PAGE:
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A picture is worth a 1,000 words... What is wrong with this one?

A recent connection shared this picture with LinkedIn and immediately I reacted

with one word WHY. There is something dramatically wrong with it and to me it's not the people in the picture that are responsible for this downfall but those that employ them and those that employ them right up to the ownership. Now this can be just simple interpretation of what I see and I could be wrong but then again as one is entitled to a first impression and you never get a second chance on this let's look into this a little deeper.

On first glance, these four gentlemen who I have confirmed are representatives of this dealership are all glancing down at their phones. One could argue that they are conducting business through direct conversation, email, text, social or any number of other digital means but I would find that hard to believe. To me they are all experiencing downtime supplemented by digital distraction. They are not using their devices as tools but that of escape. I could be wrong by again not one has it up to their ear or do I see any earbuds nor do I see any form of note taking.

You could argue that this was an isolated incident and it was just by luck that the photo was taken when it was as they all had their heads buried into their devices BUT that was the whole purpose of the photo. These individuals had their heads down for so long the person who took the photo had a reason to take that photo.

What does that say about the individuals captured here? Lack of motivation? Poorly trained? Low situational awareness? I could keep going... Is it their fault? In my humble opinion the easy answer is an unresounding NO! Someone in their circle of influence allowed them to do this. A coworker somewhere down the line made this acceptable. Whether it was a Manager who failed to display the value of their careers or an equal who solidified the right that it was ok. Being buried into your phone is never OK in a public view such as this and whoever trained this into these individuals needs to be retrained.

Let's look into this a little further.

When you enter into any retail establishment you have a reason. That reason is always to gather intelligence. Whether it's to have questions answered, see an item in particular, try something out, compare pricing or any number of other matters, you are there for a reason. That reason will lead you to a buying decision, Yes or No, and what do you want from this... An Experience and preferably a good one. This is the reason why so many brands are investing millions into CX. Now, let's look into what we see here, we enter into the lot, to gain intelligence to assist us in a buying decision and the first thing we see is four employees buried into their phones. Right off the bat were not looking favorably into our experience. Where is the level of importance into the client on the lot? Would you have to interrupt them to get answers? Back to first impressions.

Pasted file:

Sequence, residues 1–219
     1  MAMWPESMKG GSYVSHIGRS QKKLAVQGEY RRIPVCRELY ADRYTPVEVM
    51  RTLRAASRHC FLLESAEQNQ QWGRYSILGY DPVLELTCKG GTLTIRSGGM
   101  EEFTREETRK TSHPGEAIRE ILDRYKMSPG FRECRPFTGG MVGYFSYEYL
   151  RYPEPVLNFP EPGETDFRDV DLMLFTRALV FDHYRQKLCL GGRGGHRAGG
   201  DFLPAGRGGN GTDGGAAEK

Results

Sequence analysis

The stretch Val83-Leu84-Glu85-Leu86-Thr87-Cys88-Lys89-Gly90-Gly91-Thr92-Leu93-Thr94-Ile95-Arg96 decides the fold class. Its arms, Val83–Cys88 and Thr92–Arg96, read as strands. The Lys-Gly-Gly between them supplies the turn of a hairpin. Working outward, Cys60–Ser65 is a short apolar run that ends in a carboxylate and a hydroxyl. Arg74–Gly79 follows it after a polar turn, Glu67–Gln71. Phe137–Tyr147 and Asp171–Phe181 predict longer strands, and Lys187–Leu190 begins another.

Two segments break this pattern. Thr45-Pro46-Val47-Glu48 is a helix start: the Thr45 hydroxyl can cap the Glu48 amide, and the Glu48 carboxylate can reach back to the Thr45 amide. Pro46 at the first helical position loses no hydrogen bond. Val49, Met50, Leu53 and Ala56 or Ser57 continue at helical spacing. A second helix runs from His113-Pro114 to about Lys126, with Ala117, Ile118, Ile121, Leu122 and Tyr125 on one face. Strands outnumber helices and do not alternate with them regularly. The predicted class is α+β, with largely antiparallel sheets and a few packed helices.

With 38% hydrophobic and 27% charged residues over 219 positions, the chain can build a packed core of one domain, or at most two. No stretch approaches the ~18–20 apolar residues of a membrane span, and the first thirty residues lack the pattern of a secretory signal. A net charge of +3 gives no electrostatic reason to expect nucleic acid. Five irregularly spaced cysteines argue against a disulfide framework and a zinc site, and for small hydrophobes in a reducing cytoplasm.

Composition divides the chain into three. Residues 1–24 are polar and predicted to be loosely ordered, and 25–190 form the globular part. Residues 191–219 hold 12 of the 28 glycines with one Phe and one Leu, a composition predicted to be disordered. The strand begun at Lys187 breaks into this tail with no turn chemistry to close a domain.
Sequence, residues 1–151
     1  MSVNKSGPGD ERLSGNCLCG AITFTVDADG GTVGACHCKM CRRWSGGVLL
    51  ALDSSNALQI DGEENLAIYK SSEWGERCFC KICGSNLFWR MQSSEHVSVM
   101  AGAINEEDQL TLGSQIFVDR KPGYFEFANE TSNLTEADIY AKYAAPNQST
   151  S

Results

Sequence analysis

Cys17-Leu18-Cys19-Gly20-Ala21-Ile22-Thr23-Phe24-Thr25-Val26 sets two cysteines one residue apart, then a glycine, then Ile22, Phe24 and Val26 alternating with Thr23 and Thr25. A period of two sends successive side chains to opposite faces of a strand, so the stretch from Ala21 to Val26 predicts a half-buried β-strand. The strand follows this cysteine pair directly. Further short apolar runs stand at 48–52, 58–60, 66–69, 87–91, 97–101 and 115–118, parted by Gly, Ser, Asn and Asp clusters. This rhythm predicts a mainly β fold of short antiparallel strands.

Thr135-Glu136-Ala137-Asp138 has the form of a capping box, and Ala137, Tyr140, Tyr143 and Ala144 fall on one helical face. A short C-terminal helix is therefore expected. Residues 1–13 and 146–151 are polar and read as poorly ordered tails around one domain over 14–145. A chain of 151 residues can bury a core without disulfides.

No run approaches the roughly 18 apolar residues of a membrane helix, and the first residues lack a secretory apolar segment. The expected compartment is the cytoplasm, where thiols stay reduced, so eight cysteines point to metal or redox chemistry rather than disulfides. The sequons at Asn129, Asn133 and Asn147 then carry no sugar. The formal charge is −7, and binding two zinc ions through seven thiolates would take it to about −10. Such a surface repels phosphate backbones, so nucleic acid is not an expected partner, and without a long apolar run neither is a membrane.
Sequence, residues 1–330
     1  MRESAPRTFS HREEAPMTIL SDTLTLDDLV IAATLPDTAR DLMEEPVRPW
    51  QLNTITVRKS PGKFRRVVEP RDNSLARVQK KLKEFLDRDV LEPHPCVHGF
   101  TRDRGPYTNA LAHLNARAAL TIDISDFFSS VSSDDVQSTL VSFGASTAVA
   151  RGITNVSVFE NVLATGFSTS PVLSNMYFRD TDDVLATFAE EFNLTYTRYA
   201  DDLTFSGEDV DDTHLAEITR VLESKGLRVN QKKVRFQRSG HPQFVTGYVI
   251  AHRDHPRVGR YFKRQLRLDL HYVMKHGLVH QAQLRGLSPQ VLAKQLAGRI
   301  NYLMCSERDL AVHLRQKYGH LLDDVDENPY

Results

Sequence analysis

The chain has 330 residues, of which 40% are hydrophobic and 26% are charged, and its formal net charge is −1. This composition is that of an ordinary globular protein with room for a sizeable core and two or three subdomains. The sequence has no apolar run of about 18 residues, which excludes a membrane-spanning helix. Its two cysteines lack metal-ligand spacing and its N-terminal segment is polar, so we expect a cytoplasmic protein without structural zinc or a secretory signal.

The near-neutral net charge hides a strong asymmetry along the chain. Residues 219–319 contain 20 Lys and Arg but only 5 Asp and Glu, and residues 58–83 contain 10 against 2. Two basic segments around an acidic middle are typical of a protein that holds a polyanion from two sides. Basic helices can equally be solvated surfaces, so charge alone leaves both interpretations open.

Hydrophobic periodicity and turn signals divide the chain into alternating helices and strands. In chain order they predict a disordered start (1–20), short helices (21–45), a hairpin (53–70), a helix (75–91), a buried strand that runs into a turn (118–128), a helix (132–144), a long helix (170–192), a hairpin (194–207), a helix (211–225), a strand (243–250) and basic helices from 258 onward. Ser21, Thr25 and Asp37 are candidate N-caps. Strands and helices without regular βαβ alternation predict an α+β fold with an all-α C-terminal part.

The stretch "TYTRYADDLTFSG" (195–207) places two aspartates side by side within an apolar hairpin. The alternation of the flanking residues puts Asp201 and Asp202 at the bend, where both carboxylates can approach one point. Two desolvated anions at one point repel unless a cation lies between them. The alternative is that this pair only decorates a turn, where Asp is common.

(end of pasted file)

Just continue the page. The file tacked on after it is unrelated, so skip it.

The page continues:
Situational awareness is very important. The photographer was there long enough to understand the impact of the photo. That is why they took it. They were walking around long enough to observe this negative behavior and took the photo. Now I am not saying that these four people didn't know if there was a potential client on the lot or not but they sure didn't know what impression they were making to an individual that may or may not have the power to purchase or display their behaviors to the management. To me this is a customer facing issue of poor situation awareness. Any employee regardless of seniority should know the impact of their appearance at anytime can impact the experience of the customer.